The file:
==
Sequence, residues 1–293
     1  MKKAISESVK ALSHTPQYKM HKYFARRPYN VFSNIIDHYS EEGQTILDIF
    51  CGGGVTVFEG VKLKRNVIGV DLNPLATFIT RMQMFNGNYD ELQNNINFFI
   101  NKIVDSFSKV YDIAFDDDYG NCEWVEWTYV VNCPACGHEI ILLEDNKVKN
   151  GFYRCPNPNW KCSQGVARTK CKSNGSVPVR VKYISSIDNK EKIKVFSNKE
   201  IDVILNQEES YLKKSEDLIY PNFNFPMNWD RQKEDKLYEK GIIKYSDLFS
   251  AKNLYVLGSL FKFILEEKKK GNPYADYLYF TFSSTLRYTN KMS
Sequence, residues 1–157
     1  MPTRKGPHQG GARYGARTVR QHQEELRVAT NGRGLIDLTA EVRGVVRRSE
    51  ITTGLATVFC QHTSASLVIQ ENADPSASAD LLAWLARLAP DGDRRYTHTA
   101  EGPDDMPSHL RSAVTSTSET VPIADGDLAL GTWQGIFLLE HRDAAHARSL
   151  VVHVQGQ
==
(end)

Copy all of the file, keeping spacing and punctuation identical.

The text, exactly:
Sequence, residues 1–293
     1  MKKAISESVK ALSHTPQYKM HKYFARRPYN VFSNIIDHYS EEGQTILDIF
    51  CGGGVTVFEG VKLKRNVIGV DLNPLATFIT RMQMFNGNYD ELQNNINFFI
   101  NKIVDSFSKV YDIAFDDDYG NCEWVEWTYV VNCPACGHEI ILLEDNKVKN
   151  GFYRCPNPNW KCSQGVARTK CKSNGSVPVR VKYISSIDNK EKIKVFSNKE
   201  IDVILNQEES YLKKSEDLIY PNFNFPMNWD RQKEDKLYEK GIIKYSDLFS
   251  AKNLYVLGSL FKFILEEKKK GNPYADYLYF TFSSTLRYTN KMS
Sequence, residues 1–157
     1  MPTRKGPHQG GARYGARTVR QHQEELRVAT NGRGLIDLTA EVRGVVRRSE
    51  ITTGLATVFC QHTSASLVIQ ENADPSASAD LLAWLARLAP DGDRRYTHTA
   101  EGPDDMPSHL RSAVTSTSET VPIADGDLAL GTWQGIFLLE HRDAAHARSL
   151  VVHVQGQ